Russell Westbrook Explains His Mid-Game Adjustments When Lakers Move To Small-Ball
Kirby Lee-USA TODAY Sports

The Los Angeles Lakers have experimented with different big- and small-ball formations in the 2021-22 campaign, trying to figure out the most effective rotation amid early-season struggles.

The Lakers started seven of their 22 games with Anthony Davis at the center position this year. But even when head coach Frank Vogel deploys DeAndre Jordan next to Davis in the starting lineup, L.A. often switches to smaller units as the game goes on.

Whenever the Lakers go small, Russell Westbrook’s responsibilities change significantly during games. In Sunday’s victory over the Detroit Pistons, L.A. moved both Davis and LeBron James to the five, leaving Westbrook with more space in the paint.

The 2017 NBA MVP made six field goals from within five feet on Sunday, a noticeable uptick compared to the 3.95 he averages this year.

“Yeah, Coach [Vogel] emphasized that he wanted to try it again tonight and it worked for us,” Westbrook said of the Lakers’ switch to small-ball. “For me, I just try to find ways to be effective, and whether it’s attacking or driving and kicking out, figuring out ways to be able to do that.”

Westbrook said he has the skillset to adapt when the Lakers go small. When that happens, the 33-year-old added, he feels comfortable finding other ways in which he can contribute and help L.A. win.

“One thing about me, I can adapt to anything,” Westbrook said. “I can play 1-5. I’m very comfortable playing in the dunker’s spot, rolling, pick-and-roll, setting a screen. Doing whatever it is that our team needs to be successful, I can do it. That’s us going small helps us out, we can still space the floor, I can play the dunker’s spot.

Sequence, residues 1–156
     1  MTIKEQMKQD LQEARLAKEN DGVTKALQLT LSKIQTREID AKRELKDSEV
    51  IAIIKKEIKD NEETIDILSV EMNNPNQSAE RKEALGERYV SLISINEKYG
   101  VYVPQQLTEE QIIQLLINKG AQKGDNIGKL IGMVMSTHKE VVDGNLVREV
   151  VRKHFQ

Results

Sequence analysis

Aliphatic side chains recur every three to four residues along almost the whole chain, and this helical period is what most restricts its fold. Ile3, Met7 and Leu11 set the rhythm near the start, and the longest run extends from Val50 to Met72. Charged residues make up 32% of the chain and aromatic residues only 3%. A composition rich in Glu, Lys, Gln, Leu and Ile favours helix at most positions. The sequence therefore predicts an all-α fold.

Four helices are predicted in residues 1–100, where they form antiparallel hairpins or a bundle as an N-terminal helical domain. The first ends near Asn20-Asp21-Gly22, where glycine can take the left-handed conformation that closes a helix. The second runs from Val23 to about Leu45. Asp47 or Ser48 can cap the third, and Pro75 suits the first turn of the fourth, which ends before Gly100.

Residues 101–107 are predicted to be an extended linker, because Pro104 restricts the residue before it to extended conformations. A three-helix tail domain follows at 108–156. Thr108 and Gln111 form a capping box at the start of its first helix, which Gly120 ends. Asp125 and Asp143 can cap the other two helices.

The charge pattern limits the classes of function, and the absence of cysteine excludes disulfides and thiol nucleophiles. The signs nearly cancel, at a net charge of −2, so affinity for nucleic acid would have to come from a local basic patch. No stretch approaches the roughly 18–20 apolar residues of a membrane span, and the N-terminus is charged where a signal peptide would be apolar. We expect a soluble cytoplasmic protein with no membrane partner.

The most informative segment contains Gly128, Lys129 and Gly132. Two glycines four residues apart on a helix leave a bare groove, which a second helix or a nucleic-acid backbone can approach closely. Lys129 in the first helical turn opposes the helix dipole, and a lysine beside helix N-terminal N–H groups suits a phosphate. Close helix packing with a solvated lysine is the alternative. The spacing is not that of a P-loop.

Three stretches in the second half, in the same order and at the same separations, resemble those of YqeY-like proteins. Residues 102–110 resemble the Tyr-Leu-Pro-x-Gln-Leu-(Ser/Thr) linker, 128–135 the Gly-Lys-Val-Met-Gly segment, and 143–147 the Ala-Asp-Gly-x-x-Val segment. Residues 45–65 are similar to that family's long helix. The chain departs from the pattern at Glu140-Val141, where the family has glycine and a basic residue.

“I would say I’m a pretty good rebounder for my size, so I take it as a challenge. Just do whatever it takes for us to win and me being in that lineup allows me to do different things like roam and rebound and just be active.”

Davis explains how Lakers’ small-ball changes his role

Davis has explained he spends more time around the perimeter when he plays at the four to avoid clogging the paint when another big is on the floor. Davis added L.A. can switch more freely when he plays as the center, particularly when James partners him in the frontcourt.

“When I’m at the five and LeBron is at the four, we can switch all over the floor,” the 28-year-old said.

“All pick-and-rolls, pin downs, whatever, we can just switch it. When we have another big out there, we usually just do four-fives. It worked well for us tonight, DJ [Deandre Jordan] with his vertical spacing, rim protection. I think my role just changes a little bit if I’m at the four or if I’m at the five.”

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